Plaintiffs have suffered grave injury. THIRTEENTH CAUSE OF ACTION AGAINST DEFEENDANTS JOYCE, MALONE, IBISON AND DOE DEFENDANTS INTRUSION UPON SECLUSION

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211.

Plaintiffs repeat and reallege the allegations continued in paragraphs 1 through

210 above, inclusive. 212. Upon information and belief, Defendants used some form of investigation or

examination to physically intrude into the Kelley’s private or secret concerns, including personal communications, financial, business and family affairs, and personal relationships that were not in any way relevant to the investigation of the Kelleys’ cyber stalker report, or of any other appropriate or legally authorized investigation or examination. 213. Plaintiffs did not consent to this intrusion, indeed Dr. and Mrs. Kelley only

authorized access to one email. 214. The investigation or examination into the Kelleys’ private or secret concerns

would be highly offensive to an ordinary, reasonable person. 215. Upon information and belief, Defendants intentionally and/or willfully violated

the Kelleys’ privacy rights. 216. Upon information and belief, to the extent that such actions were not authorized

by the agencies such that the Defendants were acting outside the scope of their authority, the actions of Defendants give rise to a claim for the common law tort of intrusion upon seclusion. 217. As a direct and proximate result of Defendant’s violations of the Plaintiffs’

privacy, Plaintiffs have suffered grave injury. FOURTEENTH CAUSE OF ACTION, IN THE ALTERNATIVE AGAINST DEFEENDANTS PANETTA, LITTLE AND DOE DEFENDANTS PUBLICATION OF PRIVATE FACTS 218. Plaintiffs repeat and reallege the allegations continued in paragraphs 1 through

217 above, inclusive.

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219.

Defendants published, publicized or otherwise gave publicity to Plaintiffs’ private

lives by anonymously leaking private facts, such as Plaintiffs’ personal contact information, personal correspondence, personal relationships, personal financial concerns, family matters and confidential information about their victimization by a cyberstalker to the media or other third parties so that they would be substantially certain to become public knowledge. 220. 221. Plaintiffs did not consent to the publication of these private facts. The publication of facts about the Kelleys’ private lives would be highly offensive

to an ordinary, reasonable person. 222. The publication of facts about the Kelleys’ private lives that were not relevant to

the investigation of criminal activity, nor of any relevance to a national sex scandal based on an affair involving neither Dr. nor Mrs. Kelley, are not of legitimate concern to the public. 223. 224. Defendants intentionally and/or willfully violated the Kelleys’ privacy rights. Upon information and belief, to the extent that such actions were not authorized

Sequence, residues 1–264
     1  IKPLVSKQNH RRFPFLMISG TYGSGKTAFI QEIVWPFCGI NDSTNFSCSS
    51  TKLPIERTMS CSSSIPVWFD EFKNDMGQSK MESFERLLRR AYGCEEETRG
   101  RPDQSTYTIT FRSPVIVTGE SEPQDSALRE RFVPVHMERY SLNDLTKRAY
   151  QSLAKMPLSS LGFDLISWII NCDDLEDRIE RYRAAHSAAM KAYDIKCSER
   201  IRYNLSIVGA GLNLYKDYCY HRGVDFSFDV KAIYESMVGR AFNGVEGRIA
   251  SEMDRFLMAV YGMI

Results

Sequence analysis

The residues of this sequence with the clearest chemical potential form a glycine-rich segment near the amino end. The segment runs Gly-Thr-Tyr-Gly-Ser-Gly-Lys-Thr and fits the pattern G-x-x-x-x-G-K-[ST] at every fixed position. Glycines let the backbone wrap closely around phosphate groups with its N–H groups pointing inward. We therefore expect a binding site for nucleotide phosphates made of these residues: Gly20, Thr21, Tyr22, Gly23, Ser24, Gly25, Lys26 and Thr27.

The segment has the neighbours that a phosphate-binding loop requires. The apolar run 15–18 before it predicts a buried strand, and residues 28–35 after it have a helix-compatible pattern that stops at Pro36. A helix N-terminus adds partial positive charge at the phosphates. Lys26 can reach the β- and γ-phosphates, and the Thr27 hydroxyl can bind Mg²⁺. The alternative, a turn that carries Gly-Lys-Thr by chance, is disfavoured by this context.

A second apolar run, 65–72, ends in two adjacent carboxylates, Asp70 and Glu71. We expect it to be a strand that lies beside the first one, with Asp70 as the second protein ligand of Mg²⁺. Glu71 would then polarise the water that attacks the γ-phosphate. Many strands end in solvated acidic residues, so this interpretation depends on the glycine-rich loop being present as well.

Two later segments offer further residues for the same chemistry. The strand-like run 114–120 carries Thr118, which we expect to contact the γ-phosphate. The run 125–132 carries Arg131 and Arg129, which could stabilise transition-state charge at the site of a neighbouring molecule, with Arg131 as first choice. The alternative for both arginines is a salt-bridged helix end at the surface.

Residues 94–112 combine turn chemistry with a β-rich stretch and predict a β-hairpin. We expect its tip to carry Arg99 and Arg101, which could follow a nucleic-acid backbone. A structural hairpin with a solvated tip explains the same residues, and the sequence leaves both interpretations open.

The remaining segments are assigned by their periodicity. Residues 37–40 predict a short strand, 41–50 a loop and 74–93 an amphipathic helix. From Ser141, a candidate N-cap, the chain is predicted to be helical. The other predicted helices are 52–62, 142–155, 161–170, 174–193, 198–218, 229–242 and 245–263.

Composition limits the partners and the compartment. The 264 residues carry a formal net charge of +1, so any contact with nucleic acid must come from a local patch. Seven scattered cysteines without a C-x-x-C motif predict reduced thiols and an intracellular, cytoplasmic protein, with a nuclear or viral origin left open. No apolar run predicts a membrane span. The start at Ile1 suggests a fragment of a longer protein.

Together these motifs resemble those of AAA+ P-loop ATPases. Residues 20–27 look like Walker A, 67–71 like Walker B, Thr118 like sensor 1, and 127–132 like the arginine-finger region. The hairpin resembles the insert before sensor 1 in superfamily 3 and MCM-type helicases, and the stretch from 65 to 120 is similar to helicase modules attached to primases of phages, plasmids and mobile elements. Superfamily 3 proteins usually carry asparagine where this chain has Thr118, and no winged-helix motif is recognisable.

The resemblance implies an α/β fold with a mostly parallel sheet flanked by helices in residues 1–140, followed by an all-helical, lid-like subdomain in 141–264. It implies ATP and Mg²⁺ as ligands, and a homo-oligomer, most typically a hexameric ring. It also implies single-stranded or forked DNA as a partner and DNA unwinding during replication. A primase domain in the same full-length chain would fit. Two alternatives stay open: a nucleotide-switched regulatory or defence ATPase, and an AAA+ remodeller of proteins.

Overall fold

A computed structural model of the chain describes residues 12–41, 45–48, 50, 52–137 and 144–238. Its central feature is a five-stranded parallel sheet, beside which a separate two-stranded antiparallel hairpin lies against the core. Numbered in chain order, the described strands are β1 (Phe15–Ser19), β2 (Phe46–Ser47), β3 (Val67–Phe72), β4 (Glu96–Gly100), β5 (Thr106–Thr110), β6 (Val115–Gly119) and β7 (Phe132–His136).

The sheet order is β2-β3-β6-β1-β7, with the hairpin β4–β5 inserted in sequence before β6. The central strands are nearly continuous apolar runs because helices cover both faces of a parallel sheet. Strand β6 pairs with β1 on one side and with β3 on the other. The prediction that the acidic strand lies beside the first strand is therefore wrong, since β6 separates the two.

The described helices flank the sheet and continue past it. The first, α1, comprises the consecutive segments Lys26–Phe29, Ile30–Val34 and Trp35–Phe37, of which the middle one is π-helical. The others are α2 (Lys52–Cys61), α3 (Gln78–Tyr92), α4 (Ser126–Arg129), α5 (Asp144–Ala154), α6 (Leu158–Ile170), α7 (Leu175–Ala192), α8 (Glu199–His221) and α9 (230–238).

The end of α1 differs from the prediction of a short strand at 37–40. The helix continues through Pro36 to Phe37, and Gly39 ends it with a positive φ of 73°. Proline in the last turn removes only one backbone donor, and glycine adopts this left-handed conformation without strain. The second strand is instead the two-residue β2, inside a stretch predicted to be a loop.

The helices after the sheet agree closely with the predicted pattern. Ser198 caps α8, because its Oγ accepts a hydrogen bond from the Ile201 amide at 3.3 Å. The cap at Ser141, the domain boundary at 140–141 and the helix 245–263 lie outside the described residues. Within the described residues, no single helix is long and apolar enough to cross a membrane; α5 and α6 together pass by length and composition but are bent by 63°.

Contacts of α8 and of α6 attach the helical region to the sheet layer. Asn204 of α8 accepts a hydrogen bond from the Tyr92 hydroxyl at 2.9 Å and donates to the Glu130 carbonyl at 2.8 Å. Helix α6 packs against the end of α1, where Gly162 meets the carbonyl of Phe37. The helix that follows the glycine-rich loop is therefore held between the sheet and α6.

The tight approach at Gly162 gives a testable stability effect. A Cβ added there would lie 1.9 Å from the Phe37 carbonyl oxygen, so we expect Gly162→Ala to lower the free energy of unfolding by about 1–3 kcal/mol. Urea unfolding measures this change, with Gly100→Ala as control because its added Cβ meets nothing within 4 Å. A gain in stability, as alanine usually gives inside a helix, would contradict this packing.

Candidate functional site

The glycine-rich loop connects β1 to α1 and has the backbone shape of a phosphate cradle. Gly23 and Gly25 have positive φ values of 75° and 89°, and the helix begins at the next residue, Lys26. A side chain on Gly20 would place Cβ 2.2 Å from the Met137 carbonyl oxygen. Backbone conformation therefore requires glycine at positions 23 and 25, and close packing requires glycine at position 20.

by the agencies such that the Defendants were acting outside the scope of their authority, the actions of Defendants give rise to a claim for the common law tort of publication of private facts. 225. As a direct and proximate result of Defendants’ violations of the Plaintiffs’

privacy, Plaintiffs have suffered grave injury. JURY DEMAND Plaintiffs request trial by jury on all counts that may be heard by a jury. REQUESTED RELIEF WHEREFORE, Plaintiffs respectfully pray that this Court grant the following relief: A. order Defendants to issue a formal apology to Dr. and Mrs. Kelley for the

violations of their privacy and dignity;

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B.

award damages equal to actual and statutory damages sustained by the Kelleys

under the Privacy Act pursuant to § 552a(g)(4)(a); C. D. award Plaintiffs compensatory and consequential damages as proven at trial; award Plaintiffs punitive and exemplary damages as the Court may deem just and

proper to deter such future egregious conduct; E. order preliminary and permanent injunctive relief as appropriate to prevent further

violations of Plaintiffs’ rights under the Fourth and Fifth Amendments to the U.S. Constitution; F. at the conclusion of this action, order that Defendants provide the Kelleys with a

specific accounting of all information gathered about them – whether or not stored in a system of records – and the dissemination and use of each such piece of information within and outside of the government, as well as a statement that any such information that was gathered without legal authority or which is now no longer needed for a legitimate governmental purpose be destroyed; G. direct that all officers, employees, and agents of government agencies or

departments who have violated the Privacy Act with respect to this matter be referred for appropriate military, professional and/or administrative discipline; H. order injunctive, equitable and declaratory relief as may be appropriate, including

a declaration of violations of the notice and disclosure prohibitions of the Stored Communications Act, and order the Attorney General, the Director of the FBI, and Secretary of Defense to promptly initiate a proceeding to determine whether disciplinary action against the officer or employee is warranted pursuant to 18 U.S.C. § 2707(d), and to provide Plaintiffs with all notice required by law under the Act; I. award Plaintiffs their costs and reasonable attorneys fees incurred in this action as

provided by 5 U.S.C. § 552(a)(4)(E) and 28 U.S.C. § 2412; and